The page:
Difference Between Medicalization and Improvement

The birthing process has been overtaken and medicalized by the biomedical model of health in the United States. That’s not a hard thing to understand, but what is hard for many people is the loss of connection to one’s culture and family that comes with it. Taking a look at the Inuit, and how the Canadian government intervened into their birthing practices this becomes evident. Initially, the Inuit, like many cultures, have a very set ceremony surround the birth of a child, since the start of a new life is very important socially and spiritually. As I commented last week, there is a massive importance to people believing in their health care, and having their spirituality (traditions, culture, etc.) play a role in this process leads to better recovery and more successful outcomes. Birthing traditions are no different, and the Canadian government forcing the biomedical idea of birth took mothers away from their families, prior children, and removed from them their ability to have their culture take place in the birth of their children. How any of us feel about this, the fact that many of these woman were given no choice in the matter tends to strike a chord with the individual choice aspect of life that we as Americans tend to hold in high esteem. Once these traditions were reinstated, as best as they could be, to the Inuit birthing process the benefits to the social and cultural issues surrounding birth was evident, and the studies showed (Lecture 4.2) that there wasn’t a danger to returning to these ways.

Furthering this, we read previously Chapter one of The Spirit Catches You and You Fall Down, the transfer from the traditional model of birth to the biomedical one can be an awkward experience for mothers, to say the least. While compared to some models, the American model of birth in the time described in the book might be a bit isolationist, the lack of interaction from family members wasn’t too new to Foua. What was new to her was their customs didn’t work with hers (this is ignoring the language barrier entirely, as that is something series of books can be written). While the way they are described in the book doesn’t sound as if Foua was terrible displeased with the situation, it wouldn’t be a far off wager to assume she’d been just as pleased (or more so) to give birth the way she successfully had for her 13 previous children. Alas, just because there isn’t an easy to point out bad thing with the change doesn’t mean that the change is good (or bad). The accommodation for the family to bring in the traditional post-partum meals for Foua was a boon, and likely the tone of this chapter would’ve been quite different had they denied them the opportunity to do so.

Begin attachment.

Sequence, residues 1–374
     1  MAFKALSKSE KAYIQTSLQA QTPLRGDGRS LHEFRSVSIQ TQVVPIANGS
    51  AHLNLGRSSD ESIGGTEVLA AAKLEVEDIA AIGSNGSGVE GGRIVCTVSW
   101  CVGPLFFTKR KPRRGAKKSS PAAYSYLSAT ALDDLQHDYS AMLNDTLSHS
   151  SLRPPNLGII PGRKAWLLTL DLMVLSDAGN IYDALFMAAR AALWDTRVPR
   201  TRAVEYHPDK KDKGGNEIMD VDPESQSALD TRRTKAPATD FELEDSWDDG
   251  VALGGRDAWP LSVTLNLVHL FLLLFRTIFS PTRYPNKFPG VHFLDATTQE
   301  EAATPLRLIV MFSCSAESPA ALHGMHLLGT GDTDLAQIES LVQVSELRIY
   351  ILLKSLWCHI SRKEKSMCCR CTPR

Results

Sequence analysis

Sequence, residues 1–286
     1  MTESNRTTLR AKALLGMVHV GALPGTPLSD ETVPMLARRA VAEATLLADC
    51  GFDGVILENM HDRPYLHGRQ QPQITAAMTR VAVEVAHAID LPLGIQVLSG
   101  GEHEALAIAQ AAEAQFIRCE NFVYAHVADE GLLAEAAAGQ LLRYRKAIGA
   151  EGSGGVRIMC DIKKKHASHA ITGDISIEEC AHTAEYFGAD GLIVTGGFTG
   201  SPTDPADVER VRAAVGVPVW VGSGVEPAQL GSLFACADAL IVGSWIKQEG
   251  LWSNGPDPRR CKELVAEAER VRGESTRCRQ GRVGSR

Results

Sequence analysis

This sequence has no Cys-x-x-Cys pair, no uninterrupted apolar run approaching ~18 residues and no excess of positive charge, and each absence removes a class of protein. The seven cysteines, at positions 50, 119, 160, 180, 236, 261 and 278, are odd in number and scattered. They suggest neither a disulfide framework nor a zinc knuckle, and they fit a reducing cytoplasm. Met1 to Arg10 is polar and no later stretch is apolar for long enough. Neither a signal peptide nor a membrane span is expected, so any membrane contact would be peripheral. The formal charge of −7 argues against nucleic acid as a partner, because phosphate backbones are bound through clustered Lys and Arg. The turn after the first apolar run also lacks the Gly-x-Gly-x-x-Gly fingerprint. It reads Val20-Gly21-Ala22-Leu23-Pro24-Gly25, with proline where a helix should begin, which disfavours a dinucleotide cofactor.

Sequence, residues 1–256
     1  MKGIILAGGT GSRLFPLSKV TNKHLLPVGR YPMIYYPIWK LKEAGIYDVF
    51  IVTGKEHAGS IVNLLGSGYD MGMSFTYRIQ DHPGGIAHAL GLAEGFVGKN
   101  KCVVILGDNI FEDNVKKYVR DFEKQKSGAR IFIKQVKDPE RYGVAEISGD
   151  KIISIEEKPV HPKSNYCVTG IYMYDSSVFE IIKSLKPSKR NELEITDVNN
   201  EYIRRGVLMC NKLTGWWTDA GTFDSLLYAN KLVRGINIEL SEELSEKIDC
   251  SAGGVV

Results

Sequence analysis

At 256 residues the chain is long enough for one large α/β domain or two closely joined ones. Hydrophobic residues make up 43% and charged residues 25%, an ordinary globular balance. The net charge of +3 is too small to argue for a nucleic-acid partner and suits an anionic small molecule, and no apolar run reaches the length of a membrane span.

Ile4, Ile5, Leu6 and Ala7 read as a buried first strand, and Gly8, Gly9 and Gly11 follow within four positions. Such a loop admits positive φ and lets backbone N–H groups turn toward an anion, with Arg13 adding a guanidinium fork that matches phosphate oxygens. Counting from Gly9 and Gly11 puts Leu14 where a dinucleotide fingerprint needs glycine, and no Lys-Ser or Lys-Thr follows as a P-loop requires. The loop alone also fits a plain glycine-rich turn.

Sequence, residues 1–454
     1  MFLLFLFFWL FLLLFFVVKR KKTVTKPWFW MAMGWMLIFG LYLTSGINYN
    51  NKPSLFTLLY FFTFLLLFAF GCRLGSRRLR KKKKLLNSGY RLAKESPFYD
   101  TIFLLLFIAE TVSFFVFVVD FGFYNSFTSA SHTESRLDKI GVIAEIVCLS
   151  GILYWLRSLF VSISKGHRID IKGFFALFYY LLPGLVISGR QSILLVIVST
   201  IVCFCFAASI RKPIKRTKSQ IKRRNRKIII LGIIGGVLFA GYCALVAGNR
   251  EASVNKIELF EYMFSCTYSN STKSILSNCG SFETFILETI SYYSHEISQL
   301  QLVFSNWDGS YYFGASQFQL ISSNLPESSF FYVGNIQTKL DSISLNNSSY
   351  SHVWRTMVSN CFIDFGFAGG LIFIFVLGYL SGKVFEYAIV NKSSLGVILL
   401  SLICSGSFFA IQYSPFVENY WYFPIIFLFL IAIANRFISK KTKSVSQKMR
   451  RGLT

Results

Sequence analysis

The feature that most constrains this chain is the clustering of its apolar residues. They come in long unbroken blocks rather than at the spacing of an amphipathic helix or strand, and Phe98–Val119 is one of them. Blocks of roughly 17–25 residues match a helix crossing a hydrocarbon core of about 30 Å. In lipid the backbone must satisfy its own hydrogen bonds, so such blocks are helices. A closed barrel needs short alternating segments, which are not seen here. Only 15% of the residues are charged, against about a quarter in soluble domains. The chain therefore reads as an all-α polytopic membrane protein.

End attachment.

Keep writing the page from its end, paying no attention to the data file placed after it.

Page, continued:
As for the over medicalization of birth, we covered briefly in a lecture about the massive increase in C-section of births in America. Looking to the news, you can see the new studies about the benefits to exposure to the vaginal flora for a newborn is coming to light, and in a few years I’m sure that will have input into this conversation. Beyond that, I’m always one to ask why C-sections are so common in America, when they aren’t in other places, and weren’t 60 years ago. While yes, medical advances are good, as C-sections and all the risks, recovery time, and costs associated with them necessary? Brenda Goodman, a Health Reporter at an Atlanta based site, looked into this while planning her journey to giving birth. She looked at things like the averages of C-Sections in different hospitals, finding them varying as much as 40% to 17% in her own area. The biggest thing shown, to me, is her reference to a study by the American College of Obstetricians and Gynecologists (ACOG) which showed an increased risk in maternal death, as well as severe complications for woman who had a C-section compared to those who had given birth vaginally. Whether this is due to women who are higher risk for these complications already being given C-sections to reduce this risk or if the risk is from undergoing a C-section wasn’t discussed. However it is, as someone who hopes to have children of his own in the future, and further as someone who cares about the state of our healthcare for everyone, this data is discouraging, and I hope much more is done to properly determine the effectiveness of the biomedical model of health. After all, just because its done in a hospital with the best tools does not mean its the best method.

**This is no way to say that C-sections are bad, just that they be over used. Also not meant to say giving birth outside of a hospital is more or less safe, just that it differs from successful traditional models. How, where, and under what circumstance one gives birth is a decision that should be left to the woman.**

Goodman, Brenda. “Data Shines a Light on C-sections, Maternal Mortality.” Association of Health Care Journalists. May 13, 2014. Accessed July 29, 2016. http://healthjournalism.org/blog/2014/05/data-shines-a-light-on-c-sections-maternal-mortality/.

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